About the book: A secret buried for centuries
Thrust onto Egypt's most powerful throne at the age of nine, King Tut's reign was fiercely debated from the outset. Behind the palace's veil of prosperity, bitter rivalries and jealousy flourished among the Boy King's most trusted advisors, and after only nine years, King Tut suddenly perished, his name purged from Egyptian history. To this day, his death remains shrouded in controversy.The keys to an unsolved mystery
Enchanted by the ruler's tragic story and hoping to unlock the answers to the 3,000 year-old mystery, Howard Carter made it his life's mission to uncover the pharaoh's hidden tomb. He began his search in 1907, but encountered countless setbacks and dead-ends before he finally, uncovered the long-lost crypt.
The clues point to murder
Now, in "The Murder of King Tut," James Patterson and Martin Dugard dig through stacks of evidence--X-rays, Carter's files, forensic clues, and stories told through the ages--to arrive at their own account of King Tut's life and death. The result is an exhilarating true crime tale of intrigue, passion, and betrayal that casts fresh light on the oldest mystery of all.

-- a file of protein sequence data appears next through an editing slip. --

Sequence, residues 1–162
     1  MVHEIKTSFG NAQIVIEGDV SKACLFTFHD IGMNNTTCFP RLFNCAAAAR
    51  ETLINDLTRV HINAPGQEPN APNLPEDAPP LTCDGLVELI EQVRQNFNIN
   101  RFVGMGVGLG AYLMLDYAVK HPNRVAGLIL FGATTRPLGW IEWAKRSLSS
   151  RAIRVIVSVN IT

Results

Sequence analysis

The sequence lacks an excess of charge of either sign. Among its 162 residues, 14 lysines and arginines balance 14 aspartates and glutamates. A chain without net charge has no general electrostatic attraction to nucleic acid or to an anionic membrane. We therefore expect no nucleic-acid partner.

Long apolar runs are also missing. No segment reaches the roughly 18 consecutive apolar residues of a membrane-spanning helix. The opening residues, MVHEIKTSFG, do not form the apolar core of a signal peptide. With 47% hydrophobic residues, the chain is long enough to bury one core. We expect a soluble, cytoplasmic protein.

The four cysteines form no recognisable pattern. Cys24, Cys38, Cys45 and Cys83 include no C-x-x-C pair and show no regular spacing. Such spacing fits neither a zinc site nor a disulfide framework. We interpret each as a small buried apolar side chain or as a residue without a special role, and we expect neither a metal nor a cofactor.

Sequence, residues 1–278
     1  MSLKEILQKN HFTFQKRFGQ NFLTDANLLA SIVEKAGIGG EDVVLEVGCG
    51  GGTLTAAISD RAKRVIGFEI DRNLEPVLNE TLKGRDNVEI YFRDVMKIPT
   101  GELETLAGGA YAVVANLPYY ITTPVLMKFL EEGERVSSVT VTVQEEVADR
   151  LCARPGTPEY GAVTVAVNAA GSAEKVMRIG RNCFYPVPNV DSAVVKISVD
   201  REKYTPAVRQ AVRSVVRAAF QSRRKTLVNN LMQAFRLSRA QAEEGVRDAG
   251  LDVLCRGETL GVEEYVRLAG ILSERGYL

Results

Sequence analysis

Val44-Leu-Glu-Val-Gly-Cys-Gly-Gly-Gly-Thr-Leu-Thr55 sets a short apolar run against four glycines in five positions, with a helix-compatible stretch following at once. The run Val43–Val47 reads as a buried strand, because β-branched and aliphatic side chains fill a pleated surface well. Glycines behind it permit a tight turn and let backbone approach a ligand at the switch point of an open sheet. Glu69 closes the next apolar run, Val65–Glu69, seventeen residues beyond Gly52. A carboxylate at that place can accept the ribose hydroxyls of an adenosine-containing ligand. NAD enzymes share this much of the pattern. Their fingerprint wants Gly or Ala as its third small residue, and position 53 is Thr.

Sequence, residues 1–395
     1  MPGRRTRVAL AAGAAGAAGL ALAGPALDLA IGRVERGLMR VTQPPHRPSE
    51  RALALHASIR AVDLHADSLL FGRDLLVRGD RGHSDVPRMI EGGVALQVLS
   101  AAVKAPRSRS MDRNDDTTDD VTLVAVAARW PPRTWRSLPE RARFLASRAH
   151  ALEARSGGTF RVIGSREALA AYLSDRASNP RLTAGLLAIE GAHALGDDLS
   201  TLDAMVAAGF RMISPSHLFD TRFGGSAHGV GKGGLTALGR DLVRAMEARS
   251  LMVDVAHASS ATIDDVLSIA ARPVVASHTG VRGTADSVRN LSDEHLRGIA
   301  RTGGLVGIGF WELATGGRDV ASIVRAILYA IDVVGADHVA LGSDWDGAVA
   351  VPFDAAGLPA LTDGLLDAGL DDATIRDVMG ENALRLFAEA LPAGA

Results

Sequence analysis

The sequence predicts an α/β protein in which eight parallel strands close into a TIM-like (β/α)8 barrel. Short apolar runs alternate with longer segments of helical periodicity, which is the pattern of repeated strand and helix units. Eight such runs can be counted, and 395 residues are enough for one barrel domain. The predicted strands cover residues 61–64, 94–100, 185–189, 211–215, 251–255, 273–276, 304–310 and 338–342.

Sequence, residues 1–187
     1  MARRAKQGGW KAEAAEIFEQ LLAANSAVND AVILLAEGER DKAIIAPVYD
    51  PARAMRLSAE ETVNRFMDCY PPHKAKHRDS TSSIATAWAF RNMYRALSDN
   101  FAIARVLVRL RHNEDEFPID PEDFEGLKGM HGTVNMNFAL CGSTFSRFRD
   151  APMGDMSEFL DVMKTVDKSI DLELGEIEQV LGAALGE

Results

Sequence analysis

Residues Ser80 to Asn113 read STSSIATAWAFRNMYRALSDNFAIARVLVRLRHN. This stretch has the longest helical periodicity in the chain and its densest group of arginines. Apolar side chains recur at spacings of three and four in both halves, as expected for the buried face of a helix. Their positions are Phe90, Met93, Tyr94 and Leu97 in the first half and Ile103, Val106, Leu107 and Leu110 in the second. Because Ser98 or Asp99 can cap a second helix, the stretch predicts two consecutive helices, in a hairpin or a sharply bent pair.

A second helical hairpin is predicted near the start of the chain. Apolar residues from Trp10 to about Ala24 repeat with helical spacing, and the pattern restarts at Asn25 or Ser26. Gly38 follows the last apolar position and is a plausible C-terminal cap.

James Patterson became interested in and then somewhat obsessed with the story of King Tut and what had happened to him. He set out, along with Marty Dugard, to research everything he could about the boy king and his life. This book is the result of what they think could have happened. The book is written in three parts which are spread throughout the story - Patterson's reasons for writing the book and his conclusions; the story of the pharoahs' lives as they MAY have happened; and the story of Howard Carter, an Englishman who went to Egypt and spent his life searching for pharoahs' tombs. His exploration party was the one that eventually found the tomb of King Tut after others had given up hope.
The cover of the book says this is a 'nonfiction' thriller. I think using the research they did, Mr. Patterson and Mr. Dugard did an excellent job of writing the story of the pharoahs and it makes a good novel. The part about Mr. Carter is based on his own journals so much of it is known fact. Putting the two together makes a very interesting book but what really happened to King Tut is still very much unknown and the book's conclusion is just the author's own theory and not fact. Read the book and draw your own conclusions.
I won this book from The Tome Traveler blog. Thanks Carey!